Intuition is what geniuses are made of. It is derived from the subconscious which processes all the possibilities to come to the right conclusion. People who can tap into their intuition will always say and do the right thing. Intuition still remains a mystery and people seem divided by it. We still do not know how exactly the mechanism of action intuition comes from. It would be extremely important to know though because the greatest scientists have been more intuitive geniuses than intellectual geniuses. Albert Einstein was an intuitive genius.
Kay Tye is an Assistant Professor at the Picower Institute for Learning and Memory at Massachusetts Institute of Technology. She does pioneering research on how environmental stimuli affect behavioral responses. She tries to understand the underlying neurophysiology behind the formation, revision, and extinction of associative memories. One tool she uses to help her understand the above processes is optogenetics. Optogenetics is a fairly new neuroscience technique utilizing light to control neurons after they have been sensitized to it. Dysfunctions in the neurophysiology of reward processing, fear, motivation, memory or inhibitory control have been seen to lead to substance abuse, anxiety, depression, and attention-deficit disorder. They also show high co-morbidity with each other suggesting they are related and also reinforce one another.
Kay Tye’s research
Rosalind Franklin is perhaps the female scientist I most look up to. It was her work that allowed the discovery of the structure of DNA. She was an expert x-ray crystallographer. Her picture of the structure of DNA was considered to be “amongst the most beautiful X-ray photographs of any substance ever taken” by J.D. Bernal. The picture of DNA was shown without her permission to Watson and Crick. They quickly deduced that the structure of DNA was a double-helix and quickly published their findings. They won the Nobel prize for their findings. I am pretty sure she would have been able to deduce the structure of DNA if given enough time. After that she did pioneering work on the tobacco mosaic and polio viruses. She died really young at age 37. Her use of x-ray crystallography is said to be a possible factor in her ovarian cancer.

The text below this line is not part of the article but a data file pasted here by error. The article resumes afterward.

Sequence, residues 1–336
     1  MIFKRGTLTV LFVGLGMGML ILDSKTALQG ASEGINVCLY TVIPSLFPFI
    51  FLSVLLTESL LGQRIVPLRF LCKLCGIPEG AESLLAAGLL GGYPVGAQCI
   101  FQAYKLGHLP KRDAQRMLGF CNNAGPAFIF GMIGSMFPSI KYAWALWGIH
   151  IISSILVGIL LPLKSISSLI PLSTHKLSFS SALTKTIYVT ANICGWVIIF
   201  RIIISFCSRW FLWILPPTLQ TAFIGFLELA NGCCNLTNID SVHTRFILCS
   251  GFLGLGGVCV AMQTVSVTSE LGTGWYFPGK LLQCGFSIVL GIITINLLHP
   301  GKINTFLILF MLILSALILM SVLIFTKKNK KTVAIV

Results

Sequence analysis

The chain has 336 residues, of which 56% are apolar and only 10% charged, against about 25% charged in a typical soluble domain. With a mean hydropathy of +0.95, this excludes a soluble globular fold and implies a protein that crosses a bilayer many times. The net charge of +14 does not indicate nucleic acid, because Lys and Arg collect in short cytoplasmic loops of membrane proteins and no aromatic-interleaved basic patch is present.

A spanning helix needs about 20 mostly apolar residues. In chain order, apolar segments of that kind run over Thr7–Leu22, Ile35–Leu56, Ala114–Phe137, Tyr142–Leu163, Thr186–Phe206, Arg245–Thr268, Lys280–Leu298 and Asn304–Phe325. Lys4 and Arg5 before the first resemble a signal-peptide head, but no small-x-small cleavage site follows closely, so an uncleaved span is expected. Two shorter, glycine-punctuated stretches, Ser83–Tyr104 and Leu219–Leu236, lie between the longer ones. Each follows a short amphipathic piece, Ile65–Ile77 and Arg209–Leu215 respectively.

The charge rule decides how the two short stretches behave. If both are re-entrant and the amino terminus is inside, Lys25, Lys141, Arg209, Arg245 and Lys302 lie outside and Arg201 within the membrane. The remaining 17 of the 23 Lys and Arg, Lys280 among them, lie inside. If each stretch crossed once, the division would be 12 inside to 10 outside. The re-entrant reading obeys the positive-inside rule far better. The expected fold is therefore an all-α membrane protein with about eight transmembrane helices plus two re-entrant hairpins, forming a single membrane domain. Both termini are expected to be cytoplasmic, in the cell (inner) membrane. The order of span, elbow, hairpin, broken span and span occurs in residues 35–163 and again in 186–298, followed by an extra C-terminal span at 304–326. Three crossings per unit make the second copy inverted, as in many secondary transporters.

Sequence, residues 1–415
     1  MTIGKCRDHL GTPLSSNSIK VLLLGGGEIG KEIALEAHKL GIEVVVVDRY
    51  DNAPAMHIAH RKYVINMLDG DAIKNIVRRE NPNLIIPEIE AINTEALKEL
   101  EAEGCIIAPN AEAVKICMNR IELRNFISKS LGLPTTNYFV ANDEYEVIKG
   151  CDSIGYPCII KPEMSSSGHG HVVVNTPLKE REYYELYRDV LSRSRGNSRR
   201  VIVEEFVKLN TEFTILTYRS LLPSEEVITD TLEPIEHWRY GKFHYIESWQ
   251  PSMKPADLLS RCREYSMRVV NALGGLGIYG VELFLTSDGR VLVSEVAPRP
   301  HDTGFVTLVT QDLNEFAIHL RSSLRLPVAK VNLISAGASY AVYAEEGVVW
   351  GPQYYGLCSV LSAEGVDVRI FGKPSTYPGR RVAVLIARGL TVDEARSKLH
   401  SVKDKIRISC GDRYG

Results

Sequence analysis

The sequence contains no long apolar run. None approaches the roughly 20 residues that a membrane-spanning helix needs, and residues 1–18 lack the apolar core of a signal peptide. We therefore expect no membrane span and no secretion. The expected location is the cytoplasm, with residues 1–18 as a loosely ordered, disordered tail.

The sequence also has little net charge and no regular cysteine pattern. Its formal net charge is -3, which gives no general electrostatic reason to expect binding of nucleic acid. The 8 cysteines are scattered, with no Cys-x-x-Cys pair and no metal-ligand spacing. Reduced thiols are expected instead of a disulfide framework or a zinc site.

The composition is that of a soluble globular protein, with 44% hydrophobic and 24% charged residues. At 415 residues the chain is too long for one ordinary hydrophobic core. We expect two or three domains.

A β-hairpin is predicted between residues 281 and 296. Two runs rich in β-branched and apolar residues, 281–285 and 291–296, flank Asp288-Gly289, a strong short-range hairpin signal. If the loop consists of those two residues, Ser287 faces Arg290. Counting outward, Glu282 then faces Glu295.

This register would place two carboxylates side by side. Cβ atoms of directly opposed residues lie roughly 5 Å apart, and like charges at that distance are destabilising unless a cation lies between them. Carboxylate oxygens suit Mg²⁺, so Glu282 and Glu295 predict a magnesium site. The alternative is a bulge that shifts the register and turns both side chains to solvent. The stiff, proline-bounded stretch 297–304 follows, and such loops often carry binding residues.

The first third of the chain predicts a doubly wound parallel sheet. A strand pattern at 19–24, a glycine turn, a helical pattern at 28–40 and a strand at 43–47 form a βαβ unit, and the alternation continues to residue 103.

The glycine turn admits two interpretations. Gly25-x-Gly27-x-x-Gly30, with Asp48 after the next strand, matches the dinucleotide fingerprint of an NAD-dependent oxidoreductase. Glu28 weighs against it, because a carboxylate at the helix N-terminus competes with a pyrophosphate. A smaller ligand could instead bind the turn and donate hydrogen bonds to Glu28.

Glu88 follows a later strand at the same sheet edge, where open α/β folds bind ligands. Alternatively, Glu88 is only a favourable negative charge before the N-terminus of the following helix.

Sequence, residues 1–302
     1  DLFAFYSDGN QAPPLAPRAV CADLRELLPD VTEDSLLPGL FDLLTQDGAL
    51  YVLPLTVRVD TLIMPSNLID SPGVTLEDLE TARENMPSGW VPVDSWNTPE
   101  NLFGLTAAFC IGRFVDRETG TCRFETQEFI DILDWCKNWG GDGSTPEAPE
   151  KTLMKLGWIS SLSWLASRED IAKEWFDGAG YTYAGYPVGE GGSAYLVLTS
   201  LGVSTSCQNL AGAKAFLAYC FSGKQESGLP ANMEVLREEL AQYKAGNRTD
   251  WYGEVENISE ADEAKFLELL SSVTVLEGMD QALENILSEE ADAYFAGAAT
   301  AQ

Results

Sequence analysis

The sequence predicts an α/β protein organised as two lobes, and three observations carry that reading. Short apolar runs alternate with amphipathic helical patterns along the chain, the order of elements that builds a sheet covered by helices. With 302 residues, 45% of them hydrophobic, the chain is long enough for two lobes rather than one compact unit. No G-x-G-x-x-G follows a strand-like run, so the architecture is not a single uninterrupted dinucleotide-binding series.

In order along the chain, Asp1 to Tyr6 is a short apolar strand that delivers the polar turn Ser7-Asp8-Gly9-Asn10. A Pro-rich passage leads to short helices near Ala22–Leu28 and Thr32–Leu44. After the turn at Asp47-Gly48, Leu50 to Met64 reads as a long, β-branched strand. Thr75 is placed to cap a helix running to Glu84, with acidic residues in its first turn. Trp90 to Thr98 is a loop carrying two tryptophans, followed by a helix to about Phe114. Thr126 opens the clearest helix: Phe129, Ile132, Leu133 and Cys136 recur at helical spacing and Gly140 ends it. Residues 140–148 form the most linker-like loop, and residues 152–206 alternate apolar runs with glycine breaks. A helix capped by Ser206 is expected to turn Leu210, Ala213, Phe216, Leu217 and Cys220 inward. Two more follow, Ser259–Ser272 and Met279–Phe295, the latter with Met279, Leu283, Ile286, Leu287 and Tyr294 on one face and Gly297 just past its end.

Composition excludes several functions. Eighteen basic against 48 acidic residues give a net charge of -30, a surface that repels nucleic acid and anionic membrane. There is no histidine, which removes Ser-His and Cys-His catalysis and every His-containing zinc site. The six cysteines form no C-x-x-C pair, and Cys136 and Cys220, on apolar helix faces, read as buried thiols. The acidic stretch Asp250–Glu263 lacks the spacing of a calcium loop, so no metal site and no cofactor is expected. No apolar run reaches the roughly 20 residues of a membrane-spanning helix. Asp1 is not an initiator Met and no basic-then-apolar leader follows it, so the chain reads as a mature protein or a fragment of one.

Flow is the state of consciousness when we are feeling and doing our best. It frequently occurs when we participate in work that we love and feel passionate about. As a result, all aspects of our performance are heightened, including creativity. Concentration becomes razer-sharp. There are even changes in the neurobiology of people who are in the state of flow. Their brainwaves move from fast moving beta waves of normal consciousness to the far slower borderline between alpha and beta waves.
There’s a Ted Talk on the subject by the psychologist Mihaly Csikszentmihalyi.
I’m currently reading this book. It’s a fantastic memoir about a former Olympian who goes into the Air Forces for World War II. His crew and their bomber crash land in the ocean. They get stranded for many weeks in the middle of the ocean. They start starving and getting dehydrated. Then they come across land occupied by the Japanese. Not much is known about the Japanese war crimes of World War II in the west but they were pretty heinous. Anyway Louis Zamperini, the main character, becomes a POW along with his friend and crewmate Russell Allen Phillips. The Japanese subject them to biological experiments and repeatedly try to make them lose their dignity. The book is a testament to the resilience of the human mind, body, and spirit. Louis survives and later tells his story to us. I just love books like this.